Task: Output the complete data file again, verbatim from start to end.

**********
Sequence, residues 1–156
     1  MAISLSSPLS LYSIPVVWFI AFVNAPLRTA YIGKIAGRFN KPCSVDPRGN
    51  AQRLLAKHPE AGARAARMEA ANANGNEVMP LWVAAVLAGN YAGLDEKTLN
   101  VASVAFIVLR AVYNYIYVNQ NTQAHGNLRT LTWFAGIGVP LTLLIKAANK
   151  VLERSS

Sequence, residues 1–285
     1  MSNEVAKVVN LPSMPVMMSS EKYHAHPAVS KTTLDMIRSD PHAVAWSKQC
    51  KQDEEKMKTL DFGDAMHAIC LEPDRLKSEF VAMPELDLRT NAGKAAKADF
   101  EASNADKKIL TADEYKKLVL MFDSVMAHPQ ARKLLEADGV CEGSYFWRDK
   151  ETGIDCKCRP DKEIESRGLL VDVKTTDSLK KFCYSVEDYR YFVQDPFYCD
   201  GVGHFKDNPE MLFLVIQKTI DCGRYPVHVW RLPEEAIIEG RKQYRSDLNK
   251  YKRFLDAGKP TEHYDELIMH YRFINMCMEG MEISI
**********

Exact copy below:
Sequence, residues 1–156
     1  MAISLSSPLS LYSIPVVWFI AFVNAPLRTA YIGKIAGRFN KPCSVDPRGN
    51  AQRLLAKHPE AGARAARMEA ANANGNEVMP LWVAAVLAGN YAGLDEKTLN
   101  VASVAFIVLR AVYNYIYVNQ NTQAHGNLRT LTWFAGIGVP LTLLIKAANK
   151  VLERSS

Sequence, residues 1–285
     1  MSNEVAKVVN LPSMPVMMSS EKYHAHPAVS KTTLDMIRSD PHAVAWSKQC
    51  KQDEEKMKTL DFGDAMHAIC LEPDRLKSEF VAMPELDLRT NAGKAAKADF
   101  EASNADKKIL TADEYKKLVL MFDSVMAHPQ ARKLLEADGV CEGSYFWRDK
   151  ETGIDCKCRP DKEIESRGLL VDVKTTDSLK KFCYSVEDYR YFVQDPFYCD
   201  GVGHFKDNPE MLFLVIQKTI DCGRYPVHVW RLPEEAIIEG RKQYRSDLNK
   251  YKRFLDAGKP TEHYDELIMH YRFINMCMEG MEISI